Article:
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Tech veteran Dan Olley appointed new boss of Hargreaves Lansdown

Tough test: Industry veteran Dan Olley, left, faces fallout from Neil Woodford scandal

Hargreaves picks new boss to clean up Woodford mess: Tech veteran Dan Olley takes helm of investment platform

Hargreaves Lansdown has named a new boss as it prepares to deal with the fallout from the Neil Woodford saga.

The investment platform has announced that tech industry veteran Dan Olley will succeed Chris Hill, who announced his resignation in October.

It comes as Hargreaves tries to strengthen its business, with a focus on improving IT systems and online sites.

Tough test: Industry veteran Dan Olley, left, faces fallout from Neil Woodford scandal

Tough test: Industry veteran Dan Olley, left, faces fallout from Neil Woodford scandal

But Olley will take the reins at a difficult time as the firm faces legal action and the outcome of a regulatory investigation into its conduct that led to the fall of Woodford’s investment empire.

Olley, 52, originally joined the board as a non-executive director in 2019.

He said: “It is a company with an outstanding track record, a strong strategic position and a formidable brand. I am extremely excited to lead the company through its digital transformation and into its next stage of growth. »

Earlier this year, Hargreaves revealed it was investing nearly £200m in boosting its technology, which took a hit to shares.

Bosses claimed it would take it to the ‘next phase’ of growth, but Ben Yearsley, director of Shore Financial Planning, said: ‘The downfall for Hill was that he had to announce a £200million outlay. pounds for technology, which made it look like they had been underspending for years.’

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Yearsley said he hadn’t heard much about Olley, the former chief executive of market research company Dunnhumby and former executive of data analytics firm Relx, but his appointment was a “interesting decision”.

Hill resigned just weeks after litigation firm RGL Management filed a suit against Hargreaves in the High Court on behalf of 3,200 investors caught up in the Woodford implosion. Hargreaves denied any wrongdoing.

The investment platform was one of the first companies to come under scrutiny when the Woodford Equity Income fund was suspended in 2019.

Hargreaves recommended the troubled fund to clients through its so-called “best buys” list until it was suspended in June 2019.

Around 133,000 Hargreaves clients have invested directly in the fund, many of whom blamed it for promoting Woodford after suffering heavy losses.

Just weeks before the fund closed, Hargreaves’ now-retired director of research Mark Dampier told clients: “We think [Woodford’s] still has the skills to deliver excellent long-term performance.

But thousands more have also been indirectly exposed because they have invested in Hargreaves’ “multi-manager funds” – money pots it manages that spread cash across a variety of funds.

In total, around 300,000 Hargreaves clients are thought to have been exposed to Woodford’s investment empire.

Experts have criticized Hargreaves, founded in 1981 by entrepreneurs Peter Hargreaves and Stephen Lansdown, for recommending the fund for as long as they have.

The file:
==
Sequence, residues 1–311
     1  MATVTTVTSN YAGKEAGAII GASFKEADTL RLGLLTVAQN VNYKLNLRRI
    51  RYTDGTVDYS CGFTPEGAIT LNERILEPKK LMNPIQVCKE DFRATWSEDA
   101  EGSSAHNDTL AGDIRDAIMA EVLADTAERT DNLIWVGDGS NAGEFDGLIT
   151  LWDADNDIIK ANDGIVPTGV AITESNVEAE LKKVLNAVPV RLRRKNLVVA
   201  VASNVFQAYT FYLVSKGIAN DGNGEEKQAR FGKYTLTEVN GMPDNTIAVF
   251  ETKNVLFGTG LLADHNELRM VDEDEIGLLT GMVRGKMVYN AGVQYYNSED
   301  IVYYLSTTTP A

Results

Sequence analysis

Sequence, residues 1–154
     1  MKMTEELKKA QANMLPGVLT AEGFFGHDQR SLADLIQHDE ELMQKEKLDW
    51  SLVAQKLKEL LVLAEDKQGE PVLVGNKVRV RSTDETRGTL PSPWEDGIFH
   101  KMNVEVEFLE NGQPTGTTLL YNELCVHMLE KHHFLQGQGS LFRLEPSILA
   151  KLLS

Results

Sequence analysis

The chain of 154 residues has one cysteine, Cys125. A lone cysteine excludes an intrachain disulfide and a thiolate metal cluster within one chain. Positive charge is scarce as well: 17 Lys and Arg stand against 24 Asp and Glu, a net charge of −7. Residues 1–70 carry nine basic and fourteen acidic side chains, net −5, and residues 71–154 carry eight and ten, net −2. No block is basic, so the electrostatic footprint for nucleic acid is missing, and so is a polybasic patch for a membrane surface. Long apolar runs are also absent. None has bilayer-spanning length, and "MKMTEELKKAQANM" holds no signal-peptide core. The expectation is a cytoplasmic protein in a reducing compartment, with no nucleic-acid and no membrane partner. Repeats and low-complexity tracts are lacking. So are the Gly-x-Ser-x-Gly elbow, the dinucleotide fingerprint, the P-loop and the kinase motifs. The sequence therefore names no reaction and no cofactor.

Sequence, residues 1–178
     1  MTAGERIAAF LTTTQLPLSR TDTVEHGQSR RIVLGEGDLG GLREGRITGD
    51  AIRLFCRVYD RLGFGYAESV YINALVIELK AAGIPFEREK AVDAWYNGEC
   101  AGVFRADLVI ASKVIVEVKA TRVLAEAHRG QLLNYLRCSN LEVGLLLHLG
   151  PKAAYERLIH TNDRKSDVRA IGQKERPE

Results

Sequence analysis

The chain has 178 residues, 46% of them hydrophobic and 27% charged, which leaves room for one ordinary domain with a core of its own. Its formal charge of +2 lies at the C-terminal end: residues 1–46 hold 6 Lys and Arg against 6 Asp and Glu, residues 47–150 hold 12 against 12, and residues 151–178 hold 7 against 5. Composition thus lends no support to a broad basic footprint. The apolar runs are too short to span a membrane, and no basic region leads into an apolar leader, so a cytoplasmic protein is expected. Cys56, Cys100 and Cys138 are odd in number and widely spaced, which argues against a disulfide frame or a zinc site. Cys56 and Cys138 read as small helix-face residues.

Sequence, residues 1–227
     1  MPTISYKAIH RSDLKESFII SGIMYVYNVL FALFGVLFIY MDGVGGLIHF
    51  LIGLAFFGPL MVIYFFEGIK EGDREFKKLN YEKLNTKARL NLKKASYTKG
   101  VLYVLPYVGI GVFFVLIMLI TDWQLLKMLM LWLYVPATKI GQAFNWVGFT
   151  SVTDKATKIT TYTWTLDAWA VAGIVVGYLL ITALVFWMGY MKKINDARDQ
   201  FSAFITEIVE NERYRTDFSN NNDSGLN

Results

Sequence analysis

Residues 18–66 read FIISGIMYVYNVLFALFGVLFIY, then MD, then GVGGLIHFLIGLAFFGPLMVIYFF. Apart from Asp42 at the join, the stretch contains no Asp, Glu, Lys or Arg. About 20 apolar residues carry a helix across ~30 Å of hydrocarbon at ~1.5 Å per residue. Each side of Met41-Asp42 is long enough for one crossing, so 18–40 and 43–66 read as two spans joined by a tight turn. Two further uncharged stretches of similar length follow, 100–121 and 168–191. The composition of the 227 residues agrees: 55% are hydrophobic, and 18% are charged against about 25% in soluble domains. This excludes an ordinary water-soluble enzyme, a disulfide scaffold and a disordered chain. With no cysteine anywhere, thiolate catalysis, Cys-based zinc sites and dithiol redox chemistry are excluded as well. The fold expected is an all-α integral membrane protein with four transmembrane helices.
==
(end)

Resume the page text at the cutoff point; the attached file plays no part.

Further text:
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For several months before its collapse, its performance had been poor – and there were signs that Woodford was starting to change its strategy to invest in riskier and earlier ventures.

When the fund was shut down, Hill was forced to apologize to Hargreaves clients. His behavior will be scrutinized in the lawsuit brought by RGL, which also targets Link Fund Solutions, the company supposed to oversee the management of the fund by Woodford. Hill was boss for just under six years. Yearsley described his tenure as a “total disaster”.

While investment platforms profited from the pandemic, as households sought to invest the extra savings they had accumulated, they were weighed down by the cost of living and fears that the weakening of the global economy harms business growth prospects.

Yesterday, shares of Hargreaves edged up 1.8% or 15.4p to 850.4p.

Olley takes over from Hill in November next year.

Finsbury’s poor show blamed on train betting

Fund manager Nick Train saw bad bets on Hargreaves Lansdown, Manchester United and Experian weigh on the performance of one of his biggest funds.

Train said it was “disappointing” that his Finsbury Growth & Income Trust underperformed for a second year.

The trust, which is listed on the stock exchange and manages the savings of a large proportion of Britons, posted a loss for investors of 5.6% in the year to September.

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That compares to a 4% loss on the FTSE All-Share Index, its benchmark.

Over five years, performance looks slightly better – it brought in 21.5% of initial investor spending, compared to 11.3% for the benchmark as a whole.

But investment platform Hargreaves Lansdown, wealth manager Schroders, Manchester United and tonics maker Fevertree have all dragged him down this year.

In a report to investors, Train said: ‘Your holdings in Hargreaves Lansdown and Schroders have suffered a miserable year, along with others in this sector, although their business has grown in line with increased client numbers or assets under management.

“I can only hope that investor sentiment will improve towards the UK wealth management industry and for the UK stock market as a whole.”

He said U.S. “tech darlings” like Meta, Netflix and Facebook-owner Amazon, which he shunned, were starting to see their typically lofty valuations fall. He added that the war in Ukraine and the economic instability it has caused have also made investing difficult.

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